Deferring maintenance happens, and postponing a component overhaul or two that is not time-sensitive should not have a big impact on an operation or maintenance lines.

But what happens when you have to cut your maintenance budget by 5-9%? That might cause a bit of pain, but it still should be doable. However, when you take those cuts and compound them with the billions you already slashed from your budget earlier in the year, and log higher operational costs than planned, there's a multiplying effect.

And if you are the U.S. military, sequestration hits, on top of limitations associated with the Continuing Resolution, and you have to cut billions and billions of dollars within six months—but you must retain your workforce to protect critical capabilities in uncertain times—and you generate negative net operating results. With the magnitude of the reductions and shortfalls anticipated, the military will suffer unprecedented losses in its working capital fund, says John Johns, deputy assistant secretary of defense for maintenance policy and programs. Without money, the forces cannot induct maintenance, which, as an example, could impact over 300 U.S. Navy and Marine aircraft and 1,200 engines and modules alone. With no more work coming in, many product lines could shut down by the end of the year, predicts Johns.

In addition, think of what the deferral of sustaining engineering, such as structural integrity, and software engineering and updates does to a fleet. Degrading material condition degrades short- and long-term fleet health.

Now more than ever it's important to understand the aviation supply chain and how its components relate. What are your options when a whole fleet type is grounded? Do you know the leasing and finance avenues that could support you? What logistics services streamline your operations and cut costs? What happens when vendors can't deliver a critical part?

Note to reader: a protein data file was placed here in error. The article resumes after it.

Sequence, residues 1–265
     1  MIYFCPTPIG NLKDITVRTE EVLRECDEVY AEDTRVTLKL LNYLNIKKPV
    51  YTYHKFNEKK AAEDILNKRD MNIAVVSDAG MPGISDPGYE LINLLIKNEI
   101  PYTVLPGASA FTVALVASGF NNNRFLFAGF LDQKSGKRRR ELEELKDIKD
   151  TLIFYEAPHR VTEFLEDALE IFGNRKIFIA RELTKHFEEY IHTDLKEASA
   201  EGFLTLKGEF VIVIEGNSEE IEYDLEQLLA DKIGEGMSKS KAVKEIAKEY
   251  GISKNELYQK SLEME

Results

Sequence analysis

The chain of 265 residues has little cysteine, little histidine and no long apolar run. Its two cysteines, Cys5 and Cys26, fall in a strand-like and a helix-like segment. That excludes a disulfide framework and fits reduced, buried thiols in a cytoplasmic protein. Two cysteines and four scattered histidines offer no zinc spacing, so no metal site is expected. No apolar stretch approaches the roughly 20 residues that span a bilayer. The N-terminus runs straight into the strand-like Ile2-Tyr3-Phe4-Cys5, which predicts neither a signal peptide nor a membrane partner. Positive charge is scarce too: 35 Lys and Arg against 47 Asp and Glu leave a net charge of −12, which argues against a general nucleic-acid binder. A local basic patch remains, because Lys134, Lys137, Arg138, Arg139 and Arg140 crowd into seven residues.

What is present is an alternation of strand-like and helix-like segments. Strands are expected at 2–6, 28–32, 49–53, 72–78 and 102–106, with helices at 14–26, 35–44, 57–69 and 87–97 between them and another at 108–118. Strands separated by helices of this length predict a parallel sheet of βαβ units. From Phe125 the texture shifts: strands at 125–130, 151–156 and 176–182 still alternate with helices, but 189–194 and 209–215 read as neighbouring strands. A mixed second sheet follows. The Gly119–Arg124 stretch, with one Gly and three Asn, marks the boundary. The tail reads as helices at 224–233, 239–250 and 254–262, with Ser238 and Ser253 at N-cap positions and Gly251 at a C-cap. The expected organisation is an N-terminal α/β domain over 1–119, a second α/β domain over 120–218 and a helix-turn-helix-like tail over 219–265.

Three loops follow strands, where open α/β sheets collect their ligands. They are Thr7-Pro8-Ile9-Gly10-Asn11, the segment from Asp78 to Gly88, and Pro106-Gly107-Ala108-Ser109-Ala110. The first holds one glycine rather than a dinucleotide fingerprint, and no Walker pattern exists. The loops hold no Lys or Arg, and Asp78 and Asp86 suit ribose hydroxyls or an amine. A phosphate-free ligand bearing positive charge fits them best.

Questions like these are part of the reason Aviation Week divided its MRO Americas Conference, which will take place in Atlanta April 16-18, into focused content tracks. You can take a deep dive into your core business area and participate in a few other sessions that will stretch your knowledge. You can register for one session or the whole conference. Tracks include advanced materials, avionics, engineering, ground support, leasing, airline operations, cabin/IFE, finance, IT/data, logistics and supply chain, propulsion, skills/training and MRO military.

I urge you to explore the learning and networking options at www.aviationweek.com/events. Nothing can replace the face-to-face advantage, and MRO Americas really provides personal and business development opportunities.

Our industry is a complex one, but MRO Americas breaks it into pieces and provides the aggregate—as well as 670 showcases of innovative products and services. If you have any questions about the event's new content structure, please send me an email: leeann_tegtmeier@aviationweek.com

—Lee Ann Tegtmeier

Chief Editor MRO